Tanzania’s wildlife is nothing short of the pinnacle wildlife experience in Africa, with the great wildebeest migration and the natural world’s most unique habitat in the Ngorongoro Crater. Tanzania is commonly thought of as a country of broad plains, yet the enormous African country contains a diverse range of landforms and ecosystems. Although the country’s northeast is open, the rocky hill terrain of the south, as well as the mountains and lakes of the west, provide a diverse landscape.
Predators abound, with lions and cheetahs dominating the wildlife in Tanzania, as well as leopards and wild dogs making a strong comeback. Ngorongoro and Mkomazi’s critically endangered East African black rhinoceros, Tarangire’s massive elephant tuskers, and Lake Manyara’s numerous flamingos complete the wildlife in Tanzania encounter unlike any other in the country. Mega-herbivores such as elephants and huge populations of buffalo, along with the full suite of plains game, support healthy predator populations, with Selous being famous for its wild dogs and Ruaha for its lions. In the west of this region, Lake Tanganyika is the primate stronghold of the Mahale Mountains and Gombe Stream national parks with habituated chimpanzees being a prime Tanzanian wildlife attraction here.
The islands off the east coast of Tanzania are all about marine wildlife, except the indigenous Zanzibar red colobus monkey, Aders’ duiker, Sykes blue monkey, and the small Suni antelope. Tanzania’s rivers, lakes, and ponds are home to a diverse array of aquatic animals, not to mention the various fish and mammals that reside in the Indian Ocean. Although dynamite fishing has caused some damage, dolphins can still be observed on diving and snorkelling expeditions off the coasts of Zanzibar and Mnemba, and the warm waters around Mafia Island are home to harmless whale sharks. The Nile Perch and Tilapia, as well as the tigerfish, reside in Tanzania’s lakes and rivers, while the barracuda, black marlin, zebrafish, and parrotfish like the saltwater of the Indian Ocean.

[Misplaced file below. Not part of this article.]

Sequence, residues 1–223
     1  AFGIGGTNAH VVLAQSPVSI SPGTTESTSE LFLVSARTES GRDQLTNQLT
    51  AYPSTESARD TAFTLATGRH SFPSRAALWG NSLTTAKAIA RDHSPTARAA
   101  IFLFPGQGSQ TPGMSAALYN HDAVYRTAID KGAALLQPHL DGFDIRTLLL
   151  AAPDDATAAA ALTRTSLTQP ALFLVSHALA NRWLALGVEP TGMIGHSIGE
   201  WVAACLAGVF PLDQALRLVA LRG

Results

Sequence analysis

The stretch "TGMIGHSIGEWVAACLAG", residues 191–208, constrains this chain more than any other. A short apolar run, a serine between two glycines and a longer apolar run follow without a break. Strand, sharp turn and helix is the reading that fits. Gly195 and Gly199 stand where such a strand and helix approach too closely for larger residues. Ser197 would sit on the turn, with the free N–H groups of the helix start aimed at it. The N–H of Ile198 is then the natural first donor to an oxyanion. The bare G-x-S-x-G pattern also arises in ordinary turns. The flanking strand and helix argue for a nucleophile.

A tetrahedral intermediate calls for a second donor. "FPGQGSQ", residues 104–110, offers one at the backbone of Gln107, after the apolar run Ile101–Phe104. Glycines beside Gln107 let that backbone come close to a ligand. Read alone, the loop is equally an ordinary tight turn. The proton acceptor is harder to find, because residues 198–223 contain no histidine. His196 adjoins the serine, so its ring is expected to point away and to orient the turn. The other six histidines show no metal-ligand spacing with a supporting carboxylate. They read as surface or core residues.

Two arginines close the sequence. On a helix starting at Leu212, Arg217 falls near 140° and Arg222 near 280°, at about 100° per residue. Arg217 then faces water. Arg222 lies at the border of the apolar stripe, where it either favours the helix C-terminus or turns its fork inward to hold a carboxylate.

Tanzania is one of the top birding places in Africa. It boasts one of the most diverse species lists of any African country, with over 1,100 species, including over 800 resident species and approximately 200 regular migrants. There are 22 endemic species and 43 near-endemic species. Tarangire National Park is widely regarded as having the best year-round bird-watching in Tanzania, thanks to a climate that alternates between hot and dry for half the year and wet and humid for the other half, as well as a diverse range of habitats including large, permanent swamps with year-round water, dry savannahs, and areas of woodland. The bird checklist for Tarangire alone includes 495 species, and it is stated that the swamps that make up the park’s centre have the most breeding species of any ecosystem on the planet.
Between November and April, when a large number of migratory birds arrive, is perhaps the best time for birders to visit (though during the last half of this period heavy rain can make getting about the park challenging at times and many of the park’s famed mammals migrate out of Tarangire at this time).